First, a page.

Tariffs Are Harmful and Regressive, Regardless of Origin
Story Stream
recent articles

Why is the United States the richest, most opportunity-laden country on earth? There are so many answers to the previous question, but one that arguably doesn’t get enough air time has to do with the free flow of goods and people within all fifty states.

Indeed, it’s too easily forgotten that as opposed to a measure meant to regulate trade within the U.S., the Constitution’s Commerce Clause was all about keeping trade “regular.” Translated, no barriers to the flow of people or goods.

It’s something to think about as states like Colorado add delivery taxes to services provided by businesses like DoorDash, GrubHub, and myriad other local businesses. More troubling, Colorado is just the beginning. While its tax is .27 cents per delivery, Minnesota legislators are trying to add a .75 cent delivery tax in the Land of Lakes. Call these levies a tariff, plain and simple, all the while recognizing that taxes on delivery bring with them challenging externalities beyond restraining trade.   

For one, the taxes are regressive. The simple reality for a lot of poor people is that access to prepared meals, groceries and products/services more broadly is very limited where they live. Implementation of these taxes is a cost that will most burden those least able to swallow the cost.

For two, it’s essential to keep in mind that we’re talking about a delivery service. At a time of nosebleed gasoline prices, the cost of fuel may already be built into prices, only for the states to arrogate to themselves an extra revenue stream. Regressive yet again.

For three, they’re not cheap despite what some readers may well believe. As one restaurant owner in Minnesota has pointed out, .75 cents on a $25 order is a 3 percent tax. These costs add up, after which it should be said that the taxes levied on delivery services hopefully remind readers that not everyone has a car in the first place. Delivery services offer a way for individuals who lack mobility either for health or financial reasons to attain goods and services that are quite literally out of reach.

Looking beyond the rather regressive qualities of the delivery taxes, let’s then consider the position they put businesses in. It turns them into tax collectors for states looking for all manner of ways to collect more. Taxes on delivery raise many more questions about how to collect the money, and in particular how to collect when it’s remembered that “free delivery” is a way that some businesses compete.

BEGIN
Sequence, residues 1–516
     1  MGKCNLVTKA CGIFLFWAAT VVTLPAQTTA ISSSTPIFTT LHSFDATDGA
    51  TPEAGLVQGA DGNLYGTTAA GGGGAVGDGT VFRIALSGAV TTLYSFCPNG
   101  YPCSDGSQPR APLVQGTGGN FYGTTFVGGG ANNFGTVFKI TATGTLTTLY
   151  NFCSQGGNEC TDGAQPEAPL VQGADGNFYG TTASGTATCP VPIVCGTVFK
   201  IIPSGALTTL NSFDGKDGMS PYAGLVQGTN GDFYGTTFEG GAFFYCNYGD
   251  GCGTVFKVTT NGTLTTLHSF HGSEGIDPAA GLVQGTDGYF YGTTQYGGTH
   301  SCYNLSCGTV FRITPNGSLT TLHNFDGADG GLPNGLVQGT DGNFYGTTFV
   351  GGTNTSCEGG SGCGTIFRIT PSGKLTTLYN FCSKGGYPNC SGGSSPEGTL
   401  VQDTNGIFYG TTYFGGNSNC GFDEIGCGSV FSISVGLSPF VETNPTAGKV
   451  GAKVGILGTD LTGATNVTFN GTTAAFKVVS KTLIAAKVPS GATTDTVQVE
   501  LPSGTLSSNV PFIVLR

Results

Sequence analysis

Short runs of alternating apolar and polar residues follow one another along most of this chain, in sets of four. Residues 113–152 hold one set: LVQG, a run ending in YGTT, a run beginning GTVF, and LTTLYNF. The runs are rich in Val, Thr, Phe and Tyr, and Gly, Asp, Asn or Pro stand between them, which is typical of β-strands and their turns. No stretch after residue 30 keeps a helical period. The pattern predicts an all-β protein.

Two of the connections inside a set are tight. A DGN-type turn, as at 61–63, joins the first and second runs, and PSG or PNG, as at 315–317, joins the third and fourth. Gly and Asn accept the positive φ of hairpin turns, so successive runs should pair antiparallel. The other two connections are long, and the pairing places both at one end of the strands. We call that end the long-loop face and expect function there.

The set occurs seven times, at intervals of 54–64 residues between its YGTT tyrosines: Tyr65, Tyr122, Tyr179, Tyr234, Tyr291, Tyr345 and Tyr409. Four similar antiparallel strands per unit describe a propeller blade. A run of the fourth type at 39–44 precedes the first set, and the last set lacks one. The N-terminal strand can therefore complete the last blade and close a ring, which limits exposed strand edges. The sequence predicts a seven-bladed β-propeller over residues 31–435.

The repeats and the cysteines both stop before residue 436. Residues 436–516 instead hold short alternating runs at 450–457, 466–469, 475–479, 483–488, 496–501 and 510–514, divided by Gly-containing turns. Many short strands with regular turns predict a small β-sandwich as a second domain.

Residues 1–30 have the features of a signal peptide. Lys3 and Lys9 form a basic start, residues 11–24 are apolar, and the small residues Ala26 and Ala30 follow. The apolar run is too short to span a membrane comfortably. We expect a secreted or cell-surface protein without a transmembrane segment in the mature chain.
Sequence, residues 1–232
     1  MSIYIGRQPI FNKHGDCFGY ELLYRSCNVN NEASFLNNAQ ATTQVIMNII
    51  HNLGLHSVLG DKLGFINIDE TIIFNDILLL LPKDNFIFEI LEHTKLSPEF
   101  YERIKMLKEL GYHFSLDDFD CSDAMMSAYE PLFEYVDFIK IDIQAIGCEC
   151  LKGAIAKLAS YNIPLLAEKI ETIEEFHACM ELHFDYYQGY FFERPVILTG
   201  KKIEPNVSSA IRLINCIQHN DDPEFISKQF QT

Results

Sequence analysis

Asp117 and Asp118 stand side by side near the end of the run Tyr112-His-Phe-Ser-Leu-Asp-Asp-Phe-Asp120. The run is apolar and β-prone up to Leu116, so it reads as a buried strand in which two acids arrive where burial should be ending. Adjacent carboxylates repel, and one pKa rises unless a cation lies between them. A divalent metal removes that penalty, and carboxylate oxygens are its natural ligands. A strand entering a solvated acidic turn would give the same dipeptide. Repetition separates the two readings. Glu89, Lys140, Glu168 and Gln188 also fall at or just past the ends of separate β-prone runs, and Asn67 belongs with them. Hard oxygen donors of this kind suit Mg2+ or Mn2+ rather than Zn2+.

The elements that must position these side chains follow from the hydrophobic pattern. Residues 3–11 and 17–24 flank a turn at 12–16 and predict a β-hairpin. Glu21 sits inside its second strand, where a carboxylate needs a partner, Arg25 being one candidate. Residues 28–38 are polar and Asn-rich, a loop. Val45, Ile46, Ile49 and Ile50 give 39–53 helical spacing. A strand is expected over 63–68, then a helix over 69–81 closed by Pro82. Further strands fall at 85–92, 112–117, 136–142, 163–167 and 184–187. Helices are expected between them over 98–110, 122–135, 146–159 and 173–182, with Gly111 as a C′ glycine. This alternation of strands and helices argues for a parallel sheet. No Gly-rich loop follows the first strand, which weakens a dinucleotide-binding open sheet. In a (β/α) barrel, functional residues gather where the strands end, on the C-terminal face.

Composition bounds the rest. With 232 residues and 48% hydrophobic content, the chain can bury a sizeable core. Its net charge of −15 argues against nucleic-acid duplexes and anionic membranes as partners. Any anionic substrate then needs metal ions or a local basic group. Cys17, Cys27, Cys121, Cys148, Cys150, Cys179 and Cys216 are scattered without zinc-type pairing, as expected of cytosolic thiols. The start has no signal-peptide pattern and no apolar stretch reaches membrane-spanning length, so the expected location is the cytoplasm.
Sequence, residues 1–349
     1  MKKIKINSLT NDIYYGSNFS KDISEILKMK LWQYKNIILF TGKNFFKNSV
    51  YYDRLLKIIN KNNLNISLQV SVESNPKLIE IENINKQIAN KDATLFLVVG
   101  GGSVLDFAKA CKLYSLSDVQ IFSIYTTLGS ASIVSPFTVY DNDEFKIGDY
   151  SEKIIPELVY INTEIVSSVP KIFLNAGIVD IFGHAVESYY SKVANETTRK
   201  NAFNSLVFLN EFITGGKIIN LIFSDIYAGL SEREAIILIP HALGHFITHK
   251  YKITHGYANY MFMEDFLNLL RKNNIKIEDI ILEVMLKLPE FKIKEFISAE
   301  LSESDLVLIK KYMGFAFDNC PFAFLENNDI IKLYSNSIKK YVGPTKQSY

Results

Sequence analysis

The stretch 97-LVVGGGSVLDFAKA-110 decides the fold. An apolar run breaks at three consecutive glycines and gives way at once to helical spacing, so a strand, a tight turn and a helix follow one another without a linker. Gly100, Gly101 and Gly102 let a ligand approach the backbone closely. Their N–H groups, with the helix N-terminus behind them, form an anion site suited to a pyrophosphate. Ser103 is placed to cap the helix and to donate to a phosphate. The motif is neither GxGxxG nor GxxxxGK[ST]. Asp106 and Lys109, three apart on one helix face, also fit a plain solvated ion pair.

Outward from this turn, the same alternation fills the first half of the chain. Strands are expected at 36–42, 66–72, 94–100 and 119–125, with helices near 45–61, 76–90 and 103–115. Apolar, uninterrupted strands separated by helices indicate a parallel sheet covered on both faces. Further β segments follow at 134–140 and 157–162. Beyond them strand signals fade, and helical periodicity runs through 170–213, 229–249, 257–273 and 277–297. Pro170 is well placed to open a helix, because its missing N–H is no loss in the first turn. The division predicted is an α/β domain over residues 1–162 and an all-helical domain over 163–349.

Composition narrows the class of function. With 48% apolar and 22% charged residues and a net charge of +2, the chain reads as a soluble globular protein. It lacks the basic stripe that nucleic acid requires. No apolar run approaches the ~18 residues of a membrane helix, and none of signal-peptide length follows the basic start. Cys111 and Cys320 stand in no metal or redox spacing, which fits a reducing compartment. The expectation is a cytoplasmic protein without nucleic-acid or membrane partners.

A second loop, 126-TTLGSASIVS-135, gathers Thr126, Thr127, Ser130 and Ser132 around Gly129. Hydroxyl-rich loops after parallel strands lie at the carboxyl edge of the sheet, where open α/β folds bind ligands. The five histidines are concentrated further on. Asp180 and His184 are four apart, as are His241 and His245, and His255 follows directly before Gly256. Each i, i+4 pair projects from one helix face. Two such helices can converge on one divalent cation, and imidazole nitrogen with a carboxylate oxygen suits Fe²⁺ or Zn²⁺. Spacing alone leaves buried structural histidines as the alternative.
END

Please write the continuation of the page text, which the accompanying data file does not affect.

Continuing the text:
These problems and questions don’t seem to concern legislators in Colorado and Minnesota. They want their money. Underlying the grab is a brazen desire to recoup reduced tax revenues born of people driving less in concert with delivery services shouldering more of the proverbial shopping burden. Put another way, delivery services have competed drivers off the road enough that state highway funds are hurting. Eager to maintain the revenue status quo that formerly prevailed, they’ll impose a regressive tax to mitigate the alleged burden of reduced driving on highway funds.

It all brings us back to what these delivery taxes are. They’re tariffs meant to shield governments from the lower-cost fruits of progress. No thanks. Per the aforementioned Commerce Clause, trade is supposed to be regular, not just regular insofar as it doesn’t deprive state highway funds or unnecessary bureaucracies of the money they think is theirs.

John Tamny is editor of RealClearMarkets, Vice President at FreedomWorks, a senior fellow at the Market Institute, and a senior economic adviser to Applied Finance Advisors (www.appliedfinance.com). His latest book is The Money Confusion: How Illiteracy About Currencies and Inflation Sets the Stage For the Crypto Revolution.

Show comments Hide Comments